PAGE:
Yellow Beetroot Borscht

borscht

I found some yellow beetroot at a grower’s market in the city today and decided use it for the delicious Russian/European soup borscht. Instead of the vivid ruby red colour of traditional borscht, the yellow beet created a vibrant yellow soup. You can of course, use ordinary beetroots for this recipe. Don’t ask me why I felt like eating this at this time of year! The temperature outside in Sydney was about 30ºc and I was sweating like a pig. Maybe after 5 years, my brain still hasn’t adjusted to the southern hemisphere’s opposite seasons. This is a dish best served hot in a cold climate. It will warm every inch of your soul, not to mention looking very colourful and impressive along the way. If you’re in a hot country, pop on the air conditioning to it’s lowest setting, slip a jumper on and tuck in.

RECIPE:

DIRECTIONS:
450g belly pork / forequarter chops (with fat)
1 teaspoon caraway seeds
2 tablespoons unsalted butter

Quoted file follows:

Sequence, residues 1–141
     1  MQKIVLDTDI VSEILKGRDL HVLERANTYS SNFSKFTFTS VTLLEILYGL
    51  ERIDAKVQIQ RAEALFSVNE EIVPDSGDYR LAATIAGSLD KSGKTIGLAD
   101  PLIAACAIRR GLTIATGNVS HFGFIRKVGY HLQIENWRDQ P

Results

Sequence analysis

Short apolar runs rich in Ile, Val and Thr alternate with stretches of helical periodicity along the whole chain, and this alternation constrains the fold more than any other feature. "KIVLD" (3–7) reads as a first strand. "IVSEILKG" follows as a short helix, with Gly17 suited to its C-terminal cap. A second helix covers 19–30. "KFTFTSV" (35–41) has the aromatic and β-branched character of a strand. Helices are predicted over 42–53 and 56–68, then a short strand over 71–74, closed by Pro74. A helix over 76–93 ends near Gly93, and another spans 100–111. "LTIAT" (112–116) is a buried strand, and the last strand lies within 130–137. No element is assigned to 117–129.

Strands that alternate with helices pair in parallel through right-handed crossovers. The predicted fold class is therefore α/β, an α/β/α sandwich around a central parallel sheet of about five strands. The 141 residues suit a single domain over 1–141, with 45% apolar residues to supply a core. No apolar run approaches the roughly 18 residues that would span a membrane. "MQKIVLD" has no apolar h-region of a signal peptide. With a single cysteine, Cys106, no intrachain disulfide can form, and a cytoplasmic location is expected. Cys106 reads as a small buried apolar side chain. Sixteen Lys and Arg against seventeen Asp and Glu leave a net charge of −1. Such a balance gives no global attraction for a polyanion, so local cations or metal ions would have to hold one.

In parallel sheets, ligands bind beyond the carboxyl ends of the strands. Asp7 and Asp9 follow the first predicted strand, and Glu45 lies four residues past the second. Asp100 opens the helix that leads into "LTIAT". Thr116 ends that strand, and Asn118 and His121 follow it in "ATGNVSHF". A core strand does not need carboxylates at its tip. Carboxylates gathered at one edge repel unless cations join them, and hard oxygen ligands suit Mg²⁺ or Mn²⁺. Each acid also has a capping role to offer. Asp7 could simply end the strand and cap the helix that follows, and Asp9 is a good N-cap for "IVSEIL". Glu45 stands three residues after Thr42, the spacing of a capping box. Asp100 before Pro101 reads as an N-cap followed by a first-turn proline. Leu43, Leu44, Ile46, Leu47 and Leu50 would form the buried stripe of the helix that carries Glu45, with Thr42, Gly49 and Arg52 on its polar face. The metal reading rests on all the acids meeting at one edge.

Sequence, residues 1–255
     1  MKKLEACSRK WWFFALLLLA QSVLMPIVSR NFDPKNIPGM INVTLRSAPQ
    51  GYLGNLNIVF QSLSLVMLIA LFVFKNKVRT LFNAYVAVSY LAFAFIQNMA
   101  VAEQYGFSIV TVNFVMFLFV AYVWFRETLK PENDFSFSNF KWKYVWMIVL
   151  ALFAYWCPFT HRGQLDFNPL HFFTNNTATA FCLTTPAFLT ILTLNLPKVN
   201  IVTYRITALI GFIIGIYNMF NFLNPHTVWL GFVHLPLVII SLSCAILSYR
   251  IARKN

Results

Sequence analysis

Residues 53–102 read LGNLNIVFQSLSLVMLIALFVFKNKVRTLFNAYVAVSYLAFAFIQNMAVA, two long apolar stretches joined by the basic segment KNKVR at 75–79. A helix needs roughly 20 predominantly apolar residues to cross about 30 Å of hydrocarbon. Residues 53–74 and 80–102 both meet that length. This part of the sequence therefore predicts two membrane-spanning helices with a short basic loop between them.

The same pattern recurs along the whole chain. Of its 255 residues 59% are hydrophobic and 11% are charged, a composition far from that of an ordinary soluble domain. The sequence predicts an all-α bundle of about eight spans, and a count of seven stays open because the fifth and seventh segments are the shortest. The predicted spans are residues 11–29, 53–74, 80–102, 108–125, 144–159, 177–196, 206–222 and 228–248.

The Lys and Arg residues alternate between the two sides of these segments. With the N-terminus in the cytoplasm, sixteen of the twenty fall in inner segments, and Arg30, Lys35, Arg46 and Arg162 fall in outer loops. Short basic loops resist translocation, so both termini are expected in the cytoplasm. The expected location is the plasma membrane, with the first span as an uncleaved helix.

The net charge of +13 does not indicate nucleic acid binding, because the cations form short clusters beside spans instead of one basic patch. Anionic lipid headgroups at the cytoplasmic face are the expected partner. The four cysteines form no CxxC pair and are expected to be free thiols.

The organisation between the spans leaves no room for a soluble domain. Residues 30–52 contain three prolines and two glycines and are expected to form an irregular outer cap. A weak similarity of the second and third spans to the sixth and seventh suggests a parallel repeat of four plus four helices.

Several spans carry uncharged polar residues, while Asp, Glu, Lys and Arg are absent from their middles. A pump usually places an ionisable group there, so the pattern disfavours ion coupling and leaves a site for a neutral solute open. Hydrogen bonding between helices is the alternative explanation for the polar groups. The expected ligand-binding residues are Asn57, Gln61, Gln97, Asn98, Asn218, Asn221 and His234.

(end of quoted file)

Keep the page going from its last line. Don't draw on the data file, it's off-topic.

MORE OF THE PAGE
2 carrots (coarsely grated)
1 onion (finely chopped)
4 small/medium yellow beetroots (peeled & coarsely grated)
1/2 small cabbage (finely shredded)
1 large potato (peeled & coarsely grated)
2 teaspoons salt
freshly ground black pepper

DIRECTIONS:
Place the pork and the caraway seeds in a large pan and cover by about 1cm with water (about 1 litre) Bring to a boil then reduce the heat to medium low and simmer for 1 hour until the tender. Remove the pork and chop into bitesize chunks. Return back to the pan with the liquid.

Melt half the butter in a large frying pan over a medium heat. Fry the carrots and onion for about 4-5 minutes. Remove from the pan and tip into the soup pan, add the remaining butter to the frying pan and fry the beetroot for 5-7 minutes – add this to the soup pan along with the cabbage and potato. Add about 600-700ml water. Bring this to the boil then reduce the heat to low and simmer covered for 2-3 hours on the lowest heat, stirring occasionally. Check for seasoning then serve.

SERVING:
Serve on a winter’s day with a dollop of sour cream and a sprinkling of fresh dill alongside a massive wedge of bread.

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